Younger fans should experience this, that’s important. I have to say that about the anniversary we did the right thing. We did Extinct in 2016 and last year it was the 20th anniversary of Wolfheart and people asked us so we did a couple of shows playing Wolfheart. We then knew that it was going to be the 20th anniversary of Irreligious, we took a step back and waited for the invitation and that came from Century Media who wanted to re-release it and everything went alright. It was a good thing for us and the promoters and the fans wanted us to do it.
I think we have to manage these waters well, I think we are at crossroads of waters. I think the waters from the past unavoidably are in a way catching us up, mixing with the waters of the future. I think that for sure we have a repertoire and legacy and from the older to the younger generations, people want to listen to it. Even in the old times, when we didn’t have time to play the full album so in that aspect, to have that experience to understand each song’s different sensibility, it’s great because the atmosphere is really good. It’s not cheesy, it works. But then, especially in one year from now, when we are done with the 25th anniversary of the band which is next year, I don’t want it to be a calendar thing or just continue the celebrations. We are going to attack with the Portuguese album which is completely different. Obviously the celebrations are really important for us and for our fans but I think nobody minds if we think a little bit forward because that’s also the way of Moonspell. We love playing Irreligious, we love playing Wolfheart. We will do it many, many nights up to 2017 but then we want something new and revolutionary to present to our crowd.
Is there any challenge you have not tried yet with Moonspell?
Some, when you are 25 years into a band and obviously Moonspell has always had a very solid career… We were never Amon Amarth but we never went as down as many bands who used to be very famous. I think we are truly an underground band, people say: ‘ah, you guys are mainstream and you play for thousands of people in Portugal or here and there!’ Yes, but that’s something exceptional, our career is made in clubs everywhere in the world. I think that built a certain characteristic around Moonspell. All and all we’ve always been here. Obviously, our expectations and goals are different these days, we would love to think that it might happen like with Metallica or Ghost, especially with the new album, because these bands are too great but I know also that our reality is that we’ll probably do another club show next year with another album. So what we take as the big plans is definitely much more musical, and whenever we have a chance to do a big show like the one in Portugal where we had everything, we do it. It’s not bragging about it, it’s just because we had everything then and the big challenge is to adapt and make this work every time. For a Portuguese band having people who are interested in us after 25 years, it’s scary! It’s an impossibility made true in a way. Challenges? There’s still a lot of stuff that I want to do, especially musically, I wanted to cover ‘Who by Fire’ by Cohen. I wanted to cover Swans’ ‘Miracle of Love’. Sometimes my goals are just to do cover songs – laughs.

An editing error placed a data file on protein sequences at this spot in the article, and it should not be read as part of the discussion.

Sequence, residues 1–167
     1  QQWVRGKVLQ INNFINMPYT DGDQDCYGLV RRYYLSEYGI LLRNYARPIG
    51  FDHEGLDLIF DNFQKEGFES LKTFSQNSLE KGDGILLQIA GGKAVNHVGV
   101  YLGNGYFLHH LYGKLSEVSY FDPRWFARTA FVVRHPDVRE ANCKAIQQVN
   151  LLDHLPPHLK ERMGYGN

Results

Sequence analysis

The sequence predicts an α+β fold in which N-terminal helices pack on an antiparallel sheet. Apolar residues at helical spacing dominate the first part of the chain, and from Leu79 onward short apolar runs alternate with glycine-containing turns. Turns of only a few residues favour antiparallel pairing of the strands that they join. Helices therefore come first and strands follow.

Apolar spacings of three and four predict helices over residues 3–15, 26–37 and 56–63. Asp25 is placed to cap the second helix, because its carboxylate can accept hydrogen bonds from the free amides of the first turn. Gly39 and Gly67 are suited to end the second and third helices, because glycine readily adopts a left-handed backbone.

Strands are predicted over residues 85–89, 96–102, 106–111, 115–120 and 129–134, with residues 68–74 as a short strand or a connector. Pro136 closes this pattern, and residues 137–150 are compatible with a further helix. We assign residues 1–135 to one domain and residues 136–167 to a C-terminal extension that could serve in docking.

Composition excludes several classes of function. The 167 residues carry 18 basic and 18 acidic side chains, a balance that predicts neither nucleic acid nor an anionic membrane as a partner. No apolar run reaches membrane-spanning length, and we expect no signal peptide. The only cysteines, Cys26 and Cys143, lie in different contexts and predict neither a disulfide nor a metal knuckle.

25th anniversary is coming up, what’s the next chapter? Have you even thought about the final chapter?
The next chapter is the Portuguese album. The final chapter is called ‘Life ambition’. You travel so much, I think this is a privilege and that’s what I’d like to state first and foremost. We have to understand that we have to keep the band strong and connected and sometimes our rhythm is heavier than other bands, it’s also where we come from, the status of the band and everything else.
The creative part, I don’t think that’s a problem at all for Moonspell and I’m not bragging, we just have an open mind. We search and when you search you write an album. We don’t have an agenda so we don’t have to write an album about pirates for next year’s Wacken compilation CD so that’s cool. Our main goal is independence and I think we got it. We still work with many people but the decisions are completely ours. The final chapter will be me surrounded by books, near the sea in Portugal. Just there, with a beard and maybe with hair – if it hasn’t fallen out! To sum it up, after this crazy life of 25 years or plus and it will be plus because I think we have a lifetime of 25 years already next year and the next five years will be busy anyway. Something I don’t want to do is to drag, honestly to drag the band out. Maybe we will do a worse album, a better album but in between we will have our own thing and that’s what keeps us alive.